Thank goodness it’s Friday!! Although maybe I shouldn’t be saying that since it means we only have 1½ more days here in the tropics…No doubt, we are having the time of our lives, but family, our furry kiddos and home are definitely calling our names. To keep you occupied on your Friday morning, we have Jessi Haggerty of Bee Rooted with us to talk about good health. You may remember her from this post of yore, where I expressed my deepest thanks for her help in steering me in the right direction when it comes to my diet. Her advice has been invaluable and I am so pleased that she is here to share some more tips with you, my faithful, enthusiastic, creative readers. We’ve all made excuses for ignoring the facts when it comes to eating a balanced diet. She’s here today to kick those excuses to the curb and supply you with the motivation to get back on track.
At 13 years old, I learned how to make excuses for things before I even had to. Sitting in my room participating in some mindless activity like watching re-runs of Friends, or chatting on the phone with my best friend (she’s still my best friend, by the way), I knew to pause and make up an excuse after I heard my mom yell “JESS!” from the office downstairs. Despite what I thought at the time, I didn’t really have a whole lot going on so things like “I have to do my homework,” and “I have to apply for summer jobs” were sometimes sufficient. But usually, when my mom came to me with a simple chore like cleaning up the (already clean) bathroom, or picking up my shoes that trailed throughout the house, I would find a way to say “later” in its many forms: “Not now,” “in a bit,” “after I finish this…” etc. Yet, no matter what the excuse, she and I always ended up in the same place: Mom pointing out that in the time that I spent arguing and making excuses, the task could have been done already. Touche, Mom. Touche.
Ironically, today it seems like all I do is listen to lists and lists of excuses people have for eating unhealthfully. Most common excuses are that there’s not enough time, it’s too expensive, and I’m not a good cook. What I’ve learned from my experience as a 13-year-old is this – Most of the barriers to “doing my chores” were barriers I put there myself. So, in an effort to break these 3 simple barriers to good health, I decided to find solutions by teaching you a simple method to preparing healthy food fast and cheap, while implementing simple cooking techniques that you can apply to pretty much any meal.
Step 1: Keep your kitchen stocked with the following…AKA the cheapest grocery list you’ll ever follow.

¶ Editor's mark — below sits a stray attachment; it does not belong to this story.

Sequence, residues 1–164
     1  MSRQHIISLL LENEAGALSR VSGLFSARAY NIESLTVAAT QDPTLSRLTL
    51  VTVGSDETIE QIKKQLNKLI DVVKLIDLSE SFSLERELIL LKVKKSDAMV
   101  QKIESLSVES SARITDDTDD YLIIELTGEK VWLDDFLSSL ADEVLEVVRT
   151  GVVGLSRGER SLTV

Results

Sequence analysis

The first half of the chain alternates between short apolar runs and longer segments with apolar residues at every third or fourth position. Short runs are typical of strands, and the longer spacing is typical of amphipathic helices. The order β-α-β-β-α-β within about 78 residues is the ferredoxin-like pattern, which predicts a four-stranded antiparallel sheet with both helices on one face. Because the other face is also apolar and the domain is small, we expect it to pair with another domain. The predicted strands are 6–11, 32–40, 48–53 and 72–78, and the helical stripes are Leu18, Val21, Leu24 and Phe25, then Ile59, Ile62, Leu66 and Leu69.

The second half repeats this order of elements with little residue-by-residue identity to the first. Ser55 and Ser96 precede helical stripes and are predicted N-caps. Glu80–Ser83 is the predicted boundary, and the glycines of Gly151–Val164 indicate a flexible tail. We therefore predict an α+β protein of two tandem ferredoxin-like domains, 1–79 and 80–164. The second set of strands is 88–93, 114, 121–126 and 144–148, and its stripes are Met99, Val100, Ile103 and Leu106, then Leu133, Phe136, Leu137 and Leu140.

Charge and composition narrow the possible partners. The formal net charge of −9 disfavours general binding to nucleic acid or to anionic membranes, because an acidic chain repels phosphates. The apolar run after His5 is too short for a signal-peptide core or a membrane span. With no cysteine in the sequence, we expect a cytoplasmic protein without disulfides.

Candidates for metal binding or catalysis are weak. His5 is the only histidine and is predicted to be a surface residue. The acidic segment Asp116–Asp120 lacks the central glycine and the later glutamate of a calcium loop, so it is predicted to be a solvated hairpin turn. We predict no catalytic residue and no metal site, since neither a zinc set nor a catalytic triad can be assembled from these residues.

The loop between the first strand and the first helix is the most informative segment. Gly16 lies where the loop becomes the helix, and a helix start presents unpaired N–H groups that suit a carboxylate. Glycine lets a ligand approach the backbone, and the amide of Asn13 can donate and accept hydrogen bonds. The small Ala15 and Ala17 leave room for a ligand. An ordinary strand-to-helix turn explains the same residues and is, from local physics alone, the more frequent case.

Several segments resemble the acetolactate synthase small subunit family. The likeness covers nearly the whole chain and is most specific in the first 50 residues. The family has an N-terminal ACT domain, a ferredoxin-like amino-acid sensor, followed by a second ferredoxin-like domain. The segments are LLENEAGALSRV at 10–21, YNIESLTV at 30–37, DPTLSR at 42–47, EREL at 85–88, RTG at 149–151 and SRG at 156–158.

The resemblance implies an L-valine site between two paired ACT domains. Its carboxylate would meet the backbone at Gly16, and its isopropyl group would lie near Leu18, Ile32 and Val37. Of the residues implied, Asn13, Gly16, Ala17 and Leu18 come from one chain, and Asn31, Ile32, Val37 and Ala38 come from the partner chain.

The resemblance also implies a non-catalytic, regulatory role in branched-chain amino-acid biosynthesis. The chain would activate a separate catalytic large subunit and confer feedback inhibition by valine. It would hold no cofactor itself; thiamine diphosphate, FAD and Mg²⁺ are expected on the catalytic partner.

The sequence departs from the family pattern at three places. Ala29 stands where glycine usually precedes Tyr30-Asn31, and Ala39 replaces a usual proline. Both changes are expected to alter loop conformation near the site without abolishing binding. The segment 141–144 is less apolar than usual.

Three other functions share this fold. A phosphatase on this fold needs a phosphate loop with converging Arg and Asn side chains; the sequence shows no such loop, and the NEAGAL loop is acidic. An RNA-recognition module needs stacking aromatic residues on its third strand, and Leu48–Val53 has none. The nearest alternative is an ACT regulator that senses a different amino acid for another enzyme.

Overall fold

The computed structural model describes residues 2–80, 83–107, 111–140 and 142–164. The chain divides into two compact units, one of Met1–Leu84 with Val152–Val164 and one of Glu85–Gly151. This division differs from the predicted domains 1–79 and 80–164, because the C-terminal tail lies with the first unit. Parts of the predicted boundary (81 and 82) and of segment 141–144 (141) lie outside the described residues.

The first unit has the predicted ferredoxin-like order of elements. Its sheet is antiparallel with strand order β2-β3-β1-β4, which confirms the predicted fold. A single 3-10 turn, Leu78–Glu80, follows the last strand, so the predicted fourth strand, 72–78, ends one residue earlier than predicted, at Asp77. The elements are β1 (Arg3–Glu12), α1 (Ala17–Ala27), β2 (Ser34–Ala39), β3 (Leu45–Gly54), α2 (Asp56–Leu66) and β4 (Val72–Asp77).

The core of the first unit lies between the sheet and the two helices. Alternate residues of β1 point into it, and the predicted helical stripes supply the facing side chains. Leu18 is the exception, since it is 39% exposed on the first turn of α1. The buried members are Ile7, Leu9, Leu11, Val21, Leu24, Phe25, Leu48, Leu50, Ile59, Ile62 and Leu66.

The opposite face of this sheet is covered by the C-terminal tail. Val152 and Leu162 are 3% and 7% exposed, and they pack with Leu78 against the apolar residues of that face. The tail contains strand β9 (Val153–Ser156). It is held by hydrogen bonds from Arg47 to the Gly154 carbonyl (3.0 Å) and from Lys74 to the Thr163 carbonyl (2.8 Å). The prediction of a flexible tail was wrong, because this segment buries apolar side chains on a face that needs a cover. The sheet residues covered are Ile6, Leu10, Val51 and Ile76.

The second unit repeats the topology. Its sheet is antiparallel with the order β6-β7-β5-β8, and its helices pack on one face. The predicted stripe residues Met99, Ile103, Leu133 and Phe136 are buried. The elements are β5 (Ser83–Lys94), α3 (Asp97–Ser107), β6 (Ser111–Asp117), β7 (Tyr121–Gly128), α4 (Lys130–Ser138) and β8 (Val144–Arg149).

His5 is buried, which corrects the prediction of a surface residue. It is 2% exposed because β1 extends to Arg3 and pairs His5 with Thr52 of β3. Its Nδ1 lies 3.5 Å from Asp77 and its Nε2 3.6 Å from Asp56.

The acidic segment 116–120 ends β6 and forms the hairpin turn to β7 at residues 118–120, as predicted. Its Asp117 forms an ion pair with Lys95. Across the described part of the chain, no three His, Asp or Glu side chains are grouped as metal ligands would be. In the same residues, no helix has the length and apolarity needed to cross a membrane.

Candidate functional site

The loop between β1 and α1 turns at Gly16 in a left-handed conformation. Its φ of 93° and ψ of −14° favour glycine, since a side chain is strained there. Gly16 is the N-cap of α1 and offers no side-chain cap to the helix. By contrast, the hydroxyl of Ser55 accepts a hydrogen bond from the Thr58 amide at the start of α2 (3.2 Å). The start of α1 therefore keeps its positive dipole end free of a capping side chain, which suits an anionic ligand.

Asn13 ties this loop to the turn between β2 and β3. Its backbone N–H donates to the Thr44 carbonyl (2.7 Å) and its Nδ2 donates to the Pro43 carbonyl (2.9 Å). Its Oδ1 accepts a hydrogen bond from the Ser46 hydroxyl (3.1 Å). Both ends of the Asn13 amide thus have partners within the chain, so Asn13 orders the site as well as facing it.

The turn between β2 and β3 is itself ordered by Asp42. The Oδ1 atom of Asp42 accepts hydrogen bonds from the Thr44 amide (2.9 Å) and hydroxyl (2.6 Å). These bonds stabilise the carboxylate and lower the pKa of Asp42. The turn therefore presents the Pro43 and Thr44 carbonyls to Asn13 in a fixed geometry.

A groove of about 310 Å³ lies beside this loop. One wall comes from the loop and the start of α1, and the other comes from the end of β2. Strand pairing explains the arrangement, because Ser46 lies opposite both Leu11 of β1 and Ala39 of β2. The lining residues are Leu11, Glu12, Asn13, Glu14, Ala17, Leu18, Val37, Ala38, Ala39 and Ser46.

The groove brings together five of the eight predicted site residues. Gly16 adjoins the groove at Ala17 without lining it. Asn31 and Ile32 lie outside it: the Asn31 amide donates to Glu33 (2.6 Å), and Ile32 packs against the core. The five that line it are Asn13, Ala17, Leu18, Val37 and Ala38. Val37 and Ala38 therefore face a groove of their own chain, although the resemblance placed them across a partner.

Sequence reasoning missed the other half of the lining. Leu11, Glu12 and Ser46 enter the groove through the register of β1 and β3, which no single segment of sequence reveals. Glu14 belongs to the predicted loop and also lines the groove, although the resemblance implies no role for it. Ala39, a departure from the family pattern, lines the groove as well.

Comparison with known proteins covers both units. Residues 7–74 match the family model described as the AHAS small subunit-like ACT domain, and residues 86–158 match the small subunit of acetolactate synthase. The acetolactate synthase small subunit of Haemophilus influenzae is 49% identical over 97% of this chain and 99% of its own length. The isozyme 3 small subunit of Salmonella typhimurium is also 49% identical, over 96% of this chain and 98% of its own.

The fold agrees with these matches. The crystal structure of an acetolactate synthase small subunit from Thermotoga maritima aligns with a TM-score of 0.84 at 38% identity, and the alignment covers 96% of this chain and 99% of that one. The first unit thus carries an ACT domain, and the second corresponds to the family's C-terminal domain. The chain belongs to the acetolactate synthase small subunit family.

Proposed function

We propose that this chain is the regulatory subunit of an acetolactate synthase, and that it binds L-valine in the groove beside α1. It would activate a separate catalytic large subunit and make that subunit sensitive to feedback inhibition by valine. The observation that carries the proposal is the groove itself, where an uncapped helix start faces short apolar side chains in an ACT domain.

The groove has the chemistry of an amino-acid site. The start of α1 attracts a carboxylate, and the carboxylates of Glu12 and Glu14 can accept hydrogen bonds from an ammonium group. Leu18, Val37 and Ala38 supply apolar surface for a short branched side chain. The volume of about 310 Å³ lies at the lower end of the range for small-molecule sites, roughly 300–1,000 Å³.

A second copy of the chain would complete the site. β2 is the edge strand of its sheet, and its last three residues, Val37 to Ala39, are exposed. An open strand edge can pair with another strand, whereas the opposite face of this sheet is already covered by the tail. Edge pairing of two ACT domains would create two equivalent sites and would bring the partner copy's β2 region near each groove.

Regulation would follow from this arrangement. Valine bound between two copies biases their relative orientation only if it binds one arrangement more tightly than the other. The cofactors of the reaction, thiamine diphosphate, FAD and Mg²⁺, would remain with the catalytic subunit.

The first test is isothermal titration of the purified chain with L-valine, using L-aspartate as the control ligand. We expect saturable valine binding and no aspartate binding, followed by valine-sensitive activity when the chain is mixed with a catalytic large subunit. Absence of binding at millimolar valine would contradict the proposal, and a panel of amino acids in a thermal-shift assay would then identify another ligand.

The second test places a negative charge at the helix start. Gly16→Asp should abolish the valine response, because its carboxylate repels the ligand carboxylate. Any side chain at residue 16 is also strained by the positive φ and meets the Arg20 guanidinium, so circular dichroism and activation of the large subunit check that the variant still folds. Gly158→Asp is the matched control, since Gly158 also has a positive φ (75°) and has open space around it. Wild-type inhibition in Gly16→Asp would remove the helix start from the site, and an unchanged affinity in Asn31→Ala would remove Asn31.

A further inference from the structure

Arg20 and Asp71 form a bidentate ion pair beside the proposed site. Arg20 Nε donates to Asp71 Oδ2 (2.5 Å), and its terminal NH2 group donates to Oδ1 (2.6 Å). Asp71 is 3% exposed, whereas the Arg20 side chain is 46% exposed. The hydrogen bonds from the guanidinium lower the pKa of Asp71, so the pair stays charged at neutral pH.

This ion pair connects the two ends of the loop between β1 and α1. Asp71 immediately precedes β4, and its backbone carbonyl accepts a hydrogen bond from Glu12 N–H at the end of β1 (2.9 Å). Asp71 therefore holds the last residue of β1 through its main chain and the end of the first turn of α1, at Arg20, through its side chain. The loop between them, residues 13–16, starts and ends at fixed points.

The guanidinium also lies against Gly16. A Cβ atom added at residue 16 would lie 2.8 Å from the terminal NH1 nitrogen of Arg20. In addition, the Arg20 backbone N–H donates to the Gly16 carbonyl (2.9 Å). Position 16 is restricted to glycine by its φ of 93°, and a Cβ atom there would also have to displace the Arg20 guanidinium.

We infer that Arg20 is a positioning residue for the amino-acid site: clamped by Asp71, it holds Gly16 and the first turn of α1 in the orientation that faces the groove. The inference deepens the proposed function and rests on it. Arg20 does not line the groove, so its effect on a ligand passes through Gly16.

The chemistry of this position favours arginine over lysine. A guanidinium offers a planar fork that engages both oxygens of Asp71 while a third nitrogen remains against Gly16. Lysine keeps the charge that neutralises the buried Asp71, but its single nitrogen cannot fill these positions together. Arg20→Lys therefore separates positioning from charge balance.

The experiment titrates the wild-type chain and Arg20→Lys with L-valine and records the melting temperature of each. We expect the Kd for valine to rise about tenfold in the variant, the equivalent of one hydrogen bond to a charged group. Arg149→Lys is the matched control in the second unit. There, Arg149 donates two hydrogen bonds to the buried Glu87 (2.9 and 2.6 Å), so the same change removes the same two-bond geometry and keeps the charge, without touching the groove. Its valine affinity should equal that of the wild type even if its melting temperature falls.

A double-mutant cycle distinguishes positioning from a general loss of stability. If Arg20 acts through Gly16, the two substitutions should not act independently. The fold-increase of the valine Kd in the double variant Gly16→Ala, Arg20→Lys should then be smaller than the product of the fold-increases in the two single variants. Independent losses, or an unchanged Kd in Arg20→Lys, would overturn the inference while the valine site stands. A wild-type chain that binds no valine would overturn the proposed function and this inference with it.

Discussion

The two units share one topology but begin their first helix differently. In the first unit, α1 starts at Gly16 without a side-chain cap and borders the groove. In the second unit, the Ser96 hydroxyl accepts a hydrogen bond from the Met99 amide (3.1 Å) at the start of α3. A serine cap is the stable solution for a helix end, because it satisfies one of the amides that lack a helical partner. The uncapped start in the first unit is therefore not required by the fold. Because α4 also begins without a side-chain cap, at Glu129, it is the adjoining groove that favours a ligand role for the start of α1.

- Whole Wheat Pasta (or any other whole grain like barley, quinoa or brown rice)
- Green Frozen Vegetable (spinach, kale, broccoli)
- Vegetable Broth
- Canned Diced Tomatoes
- Canned Beans (white beans have a nice neutral flavor that compliment most dishes)
- Garlic and Onion (perishable, but keep much longer than most vegetables)
- Salt, Pepper, Crushed Red Pepper
Step 2: Mise En Place.
A french term for having all of the ingredients in a recipe measured, chopped and in place before getting started. This little piece of advice was taken from Fiona Gubelmann (costar in the hit series Wilfred) in her interview in Vegetarian Times Magazine.
For amateur cooks, or avid kitchen experimenters like myself, this is SO KEY to preventing burning, forgetting and mis-stepping (like baking your cookies before you add the sugar). It makes my least favorite part (clean-up) a breeze and makes you feel like you’re on a hit day-time cooking show. The best part? Once all of the ingredients are measured out (which can be done pretty much at any time), putting your meal together takes no time at all!
For this meal: Chop 1 onion and 3 to 5 cloves of garlic, open all cans and spice containers and measure out about ¼ cup of vegetable broth. Place one large (empty pot) on the stove at medium heat, and 1 medium size pot filled with water for pasta or grain at medium heat. If cooking barley or rice, you will need 3 parts water to 1 part grain
Step 3: Prepare Your Quick Dinner
Saute onion and garlic in a hot pan in a few tablespoons of vegetable broth, until tender. Mix in a dash of salt, pepper and crushed red pepper. Add 1 can of diced tomatoes, cover and let simmer.
While that’s cooking, boil water and cook pasta or grain according to package. When tender, drain and add to tomatoes. Add 1 package of frozen greens and cover just until defrosted (over-cooking leads to nutrient degradation). Add can of beans, give it a quick stir so everything is mixed throughout. Top with optional parmesan or pecorrino cheese.
Serve and be proud of your 15-minute healthy meal.
It’s not rocket science, it’s faster than ordering out and all it requires is some inexpensive pantry items and the ability to boil water.
What are some of your barriers to good health? How do you overcome them?
Jessi is the creator of Bee Rooted a blog and business that offers a broader perspective on food and nutrition. “Healthy” is not defined by the nutrition facts label on the back of a grocery store item, but by the impact a food has from our earth, to your body. All of her advice and recipes are compiled together to provide you with solutions to sustain our earth and our food system, sustain your health and sustain your lifestyle – The ultimate definition of “sustainability.” With a love for food and knowledge, and passion for teaching others, she is always prepared with helpful tips, time-friendly, delicious recipes and creative life-management suggestions. Subscribe to her blog at www.BeeRooted.com or contact her at email@example.com.